The Saharan dust plumes can make the sky red. Are they the source of the old saying "Red skies at night, sailor's delight. Red skies in the morning, sailor take warning"?
My investigation into the phrase “red skies at night, sailor’s delight” started with this question from Thomas last week:
Hi, Mignon. My name is Thomas, from Indianapolis, and I've been reading about the Sahara dust plume that's heading for U.S. on the tradewinds, and I read that supposedly it is going to cause a whole bunch of fantastic sunsets, and also that when the Sahara dust gets in the atmosphere, it suppresses the formation of tropical storms and hurricanes. And I was wondering if that might be the origin to the old saying “red sky at night, sailor’s delight” and if not, do you know where that comes from or what it dates to? Thanks so much, I love the podcast.
It’s a great question, Thomas.
The massive Saharan dust plume you were asking about has now reached some southern parts of the United States, and it’s mostly gone, but a smaller second plume is on its way.
These plumes aren’t a new phenomenon—they happen all the time when wind blows across the huge deserts in North Africa, and they aren’t just limited to the U.S. either, the dust also makes it to parts of Europe—but according to National Geographic, the plume that wafted over regions from Puerto Rico to Texas last week was the biggest plume since people started recording the size by satellite in 1979.
Since they aren’t new, it’s a reasonable question to wonder if they are the source of the saying “Red skies at night, sailor’s delight. Red skies in the morning, sailor take warning,” but I don’t think so. I believe that regular weather is more likely to be the source because even though the dust storms are common, clouds also cause red skies, and they are much more common.
The ‘Red Skies” Saying Is Old
The concept of red skies at night being a harbinger of good weather is old. For example, the wonderful site “The Phrase Finder” traces written mentions back to one of my favorite old sources, the Wyclif bible, published in 1395.
And at least in England, where the concept and phrase originated, red skies are actually quite predictive of the weather. They may not rival modern weather prediction, but in the 1300s, they were useful. It works because most storms in the U.K. come from the west.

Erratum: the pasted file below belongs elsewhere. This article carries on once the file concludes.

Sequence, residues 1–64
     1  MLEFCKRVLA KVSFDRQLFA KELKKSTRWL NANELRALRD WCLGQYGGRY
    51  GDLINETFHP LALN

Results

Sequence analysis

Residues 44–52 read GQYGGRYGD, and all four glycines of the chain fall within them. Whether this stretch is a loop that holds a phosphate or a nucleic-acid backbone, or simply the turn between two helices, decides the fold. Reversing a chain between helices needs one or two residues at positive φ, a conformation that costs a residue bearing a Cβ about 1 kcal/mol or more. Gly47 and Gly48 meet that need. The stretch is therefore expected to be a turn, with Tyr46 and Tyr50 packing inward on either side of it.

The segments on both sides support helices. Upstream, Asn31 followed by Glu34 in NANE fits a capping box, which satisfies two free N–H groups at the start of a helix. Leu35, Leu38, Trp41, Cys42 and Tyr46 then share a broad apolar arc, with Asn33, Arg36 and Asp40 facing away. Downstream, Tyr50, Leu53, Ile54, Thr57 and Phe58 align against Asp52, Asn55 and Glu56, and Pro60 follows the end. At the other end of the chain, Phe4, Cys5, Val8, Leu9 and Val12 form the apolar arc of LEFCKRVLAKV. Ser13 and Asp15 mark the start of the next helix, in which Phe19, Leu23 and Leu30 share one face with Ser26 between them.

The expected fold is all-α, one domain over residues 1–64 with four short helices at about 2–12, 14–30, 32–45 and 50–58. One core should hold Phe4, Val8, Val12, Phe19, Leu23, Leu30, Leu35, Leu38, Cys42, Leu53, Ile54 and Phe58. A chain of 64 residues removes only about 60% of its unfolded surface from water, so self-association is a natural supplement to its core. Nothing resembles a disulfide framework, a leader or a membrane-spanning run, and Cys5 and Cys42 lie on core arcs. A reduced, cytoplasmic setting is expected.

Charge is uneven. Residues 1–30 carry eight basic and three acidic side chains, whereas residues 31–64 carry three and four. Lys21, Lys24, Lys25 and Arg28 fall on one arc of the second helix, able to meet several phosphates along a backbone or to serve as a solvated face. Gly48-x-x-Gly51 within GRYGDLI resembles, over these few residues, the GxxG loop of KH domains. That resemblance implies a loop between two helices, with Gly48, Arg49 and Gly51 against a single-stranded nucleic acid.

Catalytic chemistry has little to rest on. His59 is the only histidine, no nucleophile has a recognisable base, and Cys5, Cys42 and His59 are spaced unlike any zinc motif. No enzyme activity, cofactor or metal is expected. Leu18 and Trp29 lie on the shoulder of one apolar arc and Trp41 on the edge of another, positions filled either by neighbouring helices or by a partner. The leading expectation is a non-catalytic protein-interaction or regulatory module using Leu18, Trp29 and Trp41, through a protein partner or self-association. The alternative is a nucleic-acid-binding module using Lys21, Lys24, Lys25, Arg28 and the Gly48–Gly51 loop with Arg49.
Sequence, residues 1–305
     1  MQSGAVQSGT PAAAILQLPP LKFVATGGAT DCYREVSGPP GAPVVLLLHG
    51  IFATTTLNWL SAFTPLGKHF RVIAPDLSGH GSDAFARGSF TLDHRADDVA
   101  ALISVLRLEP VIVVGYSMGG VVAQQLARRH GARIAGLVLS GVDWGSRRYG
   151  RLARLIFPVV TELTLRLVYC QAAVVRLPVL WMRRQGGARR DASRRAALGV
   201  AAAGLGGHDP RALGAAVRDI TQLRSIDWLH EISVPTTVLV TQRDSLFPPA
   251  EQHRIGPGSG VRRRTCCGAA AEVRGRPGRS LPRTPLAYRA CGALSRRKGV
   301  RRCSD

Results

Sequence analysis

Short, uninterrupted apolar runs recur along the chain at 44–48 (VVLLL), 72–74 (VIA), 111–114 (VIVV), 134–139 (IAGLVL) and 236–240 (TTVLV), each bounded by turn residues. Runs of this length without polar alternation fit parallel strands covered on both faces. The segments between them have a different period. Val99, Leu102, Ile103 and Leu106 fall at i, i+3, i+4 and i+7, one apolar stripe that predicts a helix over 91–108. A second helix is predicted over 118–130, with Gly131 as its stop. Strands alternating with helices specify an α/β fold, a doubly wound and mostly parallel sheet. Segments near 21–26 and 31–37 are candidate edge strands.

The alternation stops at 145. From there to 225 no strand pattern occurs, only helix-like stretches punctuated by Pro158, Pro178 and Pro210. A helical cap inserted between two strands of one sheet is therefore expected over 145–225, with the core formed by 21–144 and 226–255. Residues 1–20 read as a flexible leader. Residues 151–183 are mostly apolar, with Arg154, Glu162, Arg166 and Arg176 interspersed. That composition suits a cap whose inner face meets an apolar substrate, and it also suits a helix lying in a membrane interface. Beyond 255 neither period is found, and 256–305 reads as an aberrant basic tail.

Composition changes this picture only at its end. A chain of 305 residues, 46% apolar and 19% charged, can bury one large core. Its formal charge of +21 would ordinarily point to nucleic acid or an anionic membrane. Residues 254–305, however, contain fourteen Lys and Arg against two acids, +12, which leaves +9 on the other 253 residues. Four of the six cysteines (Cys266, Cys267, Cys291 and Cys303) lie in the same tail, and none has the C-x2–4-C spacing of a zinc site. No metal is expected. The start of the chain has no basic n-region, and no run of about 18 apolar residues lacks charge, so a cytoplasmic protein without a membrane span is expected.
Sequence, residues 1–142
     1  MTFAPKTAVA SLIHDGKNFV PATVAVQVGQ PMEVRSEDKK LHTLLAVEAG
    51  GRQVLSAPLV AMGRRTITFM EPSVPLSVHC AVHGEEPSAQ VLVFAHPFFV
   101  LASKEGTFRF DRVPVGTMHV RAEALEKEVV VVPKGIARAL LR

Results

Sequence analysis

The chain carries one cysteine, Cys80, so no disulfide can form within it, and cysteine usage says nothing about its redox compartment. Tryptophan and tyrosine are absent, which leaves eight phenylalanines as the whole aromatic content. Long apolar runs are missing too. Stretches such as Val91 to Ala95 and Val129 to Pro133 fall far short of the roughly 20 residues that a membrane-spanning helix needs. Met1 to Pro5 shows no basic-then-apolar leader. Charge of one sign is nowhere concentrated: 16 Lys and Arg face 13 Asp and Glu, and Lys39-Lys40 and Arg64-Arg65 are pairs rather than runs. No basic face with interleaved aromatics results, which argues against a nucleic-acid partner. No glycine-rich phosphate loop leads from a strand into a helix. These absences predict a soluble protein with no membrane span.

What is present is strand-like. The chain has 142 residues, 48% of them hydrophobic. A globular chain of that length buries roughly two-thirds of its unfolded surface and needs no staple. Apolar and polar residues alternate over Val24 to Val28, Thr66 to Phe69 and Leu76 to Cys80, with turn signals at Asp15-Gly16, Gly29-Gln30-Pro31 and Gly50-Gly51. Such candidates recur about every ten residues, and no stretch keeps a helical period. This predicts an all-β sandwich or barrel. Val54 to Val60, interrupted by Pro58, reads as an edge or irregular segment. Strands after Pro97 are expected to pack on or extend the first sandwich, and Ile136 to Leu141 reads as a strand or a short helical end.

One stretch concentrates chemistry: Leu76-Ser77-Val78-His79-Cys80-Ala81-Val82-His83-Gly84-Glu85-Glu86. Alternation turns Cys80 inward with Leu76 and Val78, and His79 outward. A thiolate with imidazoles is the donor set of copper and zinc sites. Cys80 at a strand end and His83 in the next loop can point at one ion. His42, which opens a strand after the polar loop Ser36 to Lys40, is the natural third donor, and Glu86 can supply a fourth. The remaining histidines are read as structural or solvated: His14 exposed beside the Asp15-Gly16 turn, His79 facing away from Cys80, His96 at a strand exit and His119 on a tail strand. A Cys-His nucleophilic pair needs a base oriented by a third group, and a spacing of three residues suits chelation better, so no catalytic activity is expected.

Why Red Light Means Clouds
Clouds reflect all the colors of light from the sun, but because of the way different colors of light travel through the atmosphere, red light is much better at reaching distant clouds than the other colors. So clouds end up reflecting a lot of red light, especially early and late in the day because that’s when the light has to travel the farthest through the atmosphere to reach the clouds, so as it’s making its way through all that atmosphere, the other colors of light are getting filtered out, and the red light is just powering through. You can think of clouds at sunrise and sunset as red light reflectors.
So if you’re in the U.K. and you’re seeing a red sky at night, it means the clouds have already passed you by. They’re east of you, reflecting red light back from the setting sun in the west. You don’t have to worry about approaching storms. Storms come from the west, and the west is clear.
But if you see a red sky in the morning, it means clouds are to the west, probably heading toward you, because they’re reflecting red light from the sun rising in the east. You may not be able to see those western clouds that are heading toward you because of the curvature of the earth, but the red light tells you they’re out there doing their reflective thing.
Red Skies at Night, Shepherd’s Delight
And here’s an interesting final note: I’ve only heard the version as “red skies at night, sailor’s delight,” but multiple sources also say that there’s a now less common version, that may have been the first version, that says “red skies at night, shepherd’s delight,” presumably because shepherds cared a lot about the weather too. For example, in Shakespeare’s “Venus & Adonis,” Shakespeare wrote about a “red morn” bringing sorrow to both seamen and shepherds.
So that’s the origin of the “red skies at night, sailor’s delight” saying. It actually does a decent job of predicting the weather in some parts of the world because of the way clouds reflect red light in the atmosphere.
Thanks for the question, Thomas.
Image courtesy of Shutterstock.